Speakers:

Changing the Child Welfare System Response to Domestic Violence – Overview of a Successful Pilot

Changing the Child Welfare System Response to Domestic Violence – Overview of a Successful Pilot

Traditional child welfare approaches to domestic violence place a heavy emphasis on the victim’s actions to protect themselves and their child from the abuser. Many case managers view the act of hiding victims in shelters and then separating them from abusers as a successful resolution to the violence. This approach does not work for many reasons. Relying solely on the victim to stop the violence at best results in the victim being labeled as having a “lack of protective capacity.” At worse, well-meaning case managers increase the danger by forcing a separation without the appropriate safety plan and resources to keep the survivor safe. For decades, this view that separation is the only solution has forced thousands of women to choose between extreme danger, homelessness, or staying with their abuser for lack of other options. Sadly, the result is that they all too frequently lose their children.

Speakers:

Using Film to Raise Awareness of Domestic Violence Featuring Intersectionality with Faith and Race

Using Film to Raise Awareness of Domestic Violence Featuring Intersectionality with Faith and Race

Using art to convey a message is as old as time. But using the art of film to raise awareness of domestic violence (DV) through survivors’ stories is an innovative way to bring this issue out of the shadows and into the light. How we “talk” about DV is important whether through film, news, social media, as advocates, legislation, law enforcement, or community leaders. We must hold ourselves and others accountable to convey authentic language around the issue. Honoring DV survivors with a platform to tell their stories will help better understand their acute challenges.

Speakers:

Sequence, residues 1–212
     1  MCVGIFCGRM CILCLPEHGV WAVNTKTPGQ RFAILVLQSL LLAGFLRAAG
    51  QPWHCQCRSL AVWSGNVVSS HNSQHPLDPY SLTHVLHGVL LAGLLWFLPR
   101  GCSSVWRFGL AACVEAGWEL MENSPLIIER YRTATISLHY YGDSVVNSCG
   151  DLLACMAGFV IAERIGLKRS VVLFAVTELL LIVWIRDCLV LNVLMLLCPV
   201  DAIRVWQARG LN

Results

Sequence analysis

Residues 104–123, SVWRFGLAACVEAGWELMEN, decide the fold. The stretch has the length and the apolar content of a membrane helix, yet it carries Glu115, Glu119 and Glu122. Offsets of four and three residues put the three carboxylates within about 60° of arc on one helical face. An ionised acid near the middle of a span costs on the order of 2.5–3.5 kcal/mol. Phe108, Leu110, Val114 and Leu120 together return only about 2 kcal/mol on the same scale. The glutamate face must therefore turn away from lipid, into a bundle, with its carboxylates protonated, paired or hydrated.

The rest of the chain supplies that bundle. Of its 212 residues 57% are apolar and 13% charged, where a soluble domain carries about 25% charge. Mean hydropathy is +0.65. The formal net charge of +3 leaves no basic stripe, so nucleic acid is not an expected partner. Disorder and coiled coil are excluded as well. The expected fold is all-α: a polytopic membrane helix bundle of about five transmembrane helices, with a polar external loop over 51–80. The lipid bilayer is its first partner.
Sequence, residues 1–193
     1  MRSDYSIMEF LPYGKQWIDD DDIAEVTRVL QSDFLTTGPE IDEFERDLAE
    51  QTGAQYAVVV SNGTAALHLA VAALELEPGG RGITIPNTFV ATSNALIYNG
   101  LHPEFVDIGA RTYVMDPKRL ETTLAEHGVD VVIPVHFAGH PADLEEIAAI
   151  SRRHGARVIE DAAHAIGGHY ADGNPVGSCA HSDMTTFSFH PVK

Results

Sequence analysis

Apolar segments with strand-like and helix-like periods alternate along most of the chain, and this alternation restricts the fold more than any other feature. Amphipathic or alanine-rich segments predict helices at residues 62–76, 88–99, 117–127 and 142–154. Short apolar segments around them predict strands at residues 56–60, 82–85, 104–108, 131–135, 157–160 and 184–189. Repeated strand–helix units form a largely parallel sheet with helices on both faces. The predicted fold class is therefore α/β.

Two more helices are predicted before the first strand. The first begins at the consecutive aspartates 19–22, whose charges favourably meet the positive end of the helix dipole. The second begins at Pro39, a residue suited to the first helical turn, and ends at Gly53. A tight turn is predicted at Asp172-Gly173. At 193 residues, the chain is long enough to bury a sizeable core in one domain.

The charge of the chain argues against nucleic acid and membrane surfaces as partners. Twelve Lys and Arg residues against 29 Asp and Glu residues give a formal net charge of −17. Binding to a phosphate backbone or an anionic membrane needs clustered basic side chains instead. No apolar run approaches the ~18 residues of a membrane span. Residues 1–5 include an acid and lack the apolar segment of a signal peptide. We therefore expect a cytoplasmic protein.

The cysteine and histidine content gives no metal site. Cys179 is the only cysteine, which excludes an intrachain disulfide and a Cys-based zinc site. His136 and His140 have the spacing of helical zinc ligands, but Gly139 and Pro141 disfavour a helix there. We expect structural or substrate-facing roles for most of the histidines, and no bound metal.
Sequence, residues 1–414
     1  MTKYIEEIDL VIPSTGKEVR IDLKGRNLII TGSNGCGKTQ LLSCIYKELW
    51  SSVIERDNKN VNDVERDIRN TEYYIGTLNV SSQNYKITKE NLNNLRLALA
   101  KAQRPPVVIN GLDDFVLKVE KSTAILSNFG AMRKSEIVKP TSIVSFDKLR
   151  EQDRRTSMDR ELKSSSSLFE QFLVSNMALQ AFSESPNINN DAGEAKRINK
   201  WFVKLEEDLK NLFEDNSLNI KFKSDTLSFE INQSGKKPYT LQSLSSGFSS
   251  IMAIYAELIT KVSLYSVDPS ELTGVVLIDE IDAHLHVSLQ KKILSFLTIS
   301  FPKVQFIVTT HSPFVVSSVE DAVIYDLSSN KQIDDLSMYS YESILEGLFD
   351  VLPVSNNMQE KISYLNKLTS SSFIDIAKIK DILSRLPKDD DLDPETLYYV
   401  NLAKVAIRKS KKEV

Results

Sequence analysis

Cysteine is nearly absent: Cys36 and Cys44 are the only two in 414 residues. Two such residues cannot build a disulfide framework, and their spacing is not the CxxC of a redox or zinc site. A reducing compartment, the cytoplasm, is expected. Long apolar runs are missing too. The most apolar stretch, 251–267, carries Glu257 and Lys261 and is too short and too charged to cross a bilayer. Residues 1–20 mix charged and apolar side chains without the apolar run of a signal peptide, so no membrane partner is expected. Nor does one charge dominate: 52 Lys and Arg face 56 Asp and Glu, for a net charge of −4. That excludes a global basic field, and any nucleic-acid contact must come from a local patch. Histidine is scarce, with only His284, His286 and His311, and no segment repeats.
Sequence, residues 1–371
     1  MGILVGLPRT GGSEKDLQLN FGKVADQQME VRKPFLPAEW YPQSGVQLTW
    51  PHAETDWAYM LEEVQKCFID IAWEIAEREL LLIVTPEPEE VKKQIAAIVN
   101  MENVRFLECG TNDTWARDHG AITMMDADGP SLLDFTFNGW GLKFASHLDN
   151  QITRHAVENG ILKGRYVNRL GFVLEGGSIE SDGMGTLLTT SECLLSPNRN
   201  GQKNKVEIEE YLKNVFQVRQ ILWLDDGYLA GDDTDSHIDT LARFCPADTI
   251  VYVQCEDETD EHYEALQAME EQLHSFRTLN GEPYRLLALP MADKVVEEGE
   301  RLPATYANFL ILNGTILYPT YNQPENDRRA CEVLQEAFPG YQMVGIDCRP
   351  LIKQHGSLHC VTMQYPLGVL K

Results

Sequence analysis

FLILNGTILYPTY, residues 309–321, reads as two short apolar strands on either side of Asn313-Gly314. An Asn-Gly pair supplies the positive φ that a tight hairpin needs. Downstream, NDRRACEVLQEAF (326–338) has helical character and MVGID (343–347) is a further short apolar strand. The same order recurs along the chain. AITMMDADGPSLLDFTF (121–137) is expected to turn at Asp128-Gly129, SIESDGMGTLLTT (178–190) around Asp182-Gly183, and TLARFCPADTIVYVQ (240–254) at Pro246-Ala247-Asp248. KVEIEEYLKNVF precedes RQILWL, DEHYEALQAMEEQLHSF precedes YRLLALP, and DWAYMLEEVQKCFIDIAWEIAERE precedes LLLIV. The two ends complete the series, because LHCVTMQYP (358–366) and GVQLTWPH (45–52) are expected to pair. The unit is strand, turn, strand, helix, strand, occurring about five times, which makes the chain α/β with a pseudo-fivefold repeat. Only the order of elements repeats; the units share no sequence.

Measuring Success in the Criminal Justice System’s Response to VAWA Crimes

Measuring Success in the Criminal Justice System’s Response to VAWA Crimes

The presentation will then share the results of a data collection pilot conducted with 15 OVW grantees to explore the usability, feasibility and quality of proposed outcome indicators when collected in the field.

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Using Restorative Justice to Benefit Victim Survivors: Is It Possible?

Using Restorative Justice to Benefit Victim Survivors: Is It Possible?

Although an ancient practice, restorative justice is experiencing a revival in public interest. Communities, particularly those that have been shut out of the traditional American systems of adjudicating crime, are drawn to a system which incorporates community residents into the decision-making process.

Speakers:

Global Panel Discussion: Envisioning Liberty & Justice for All – This World Was made for You & Me

Global Panel Discussion: Envisioning Liberty & Justice for All – This World Was made for You & Me

Blame. Fear of Authority. Lack of Peer Support. Language Barriers. Survivors of assault and domestic violence around the globe are faced with many obstacles as they tirelessly seek justice. Many do not speak up. Those that do seek justice are often misunderstood and blamed for their experiences.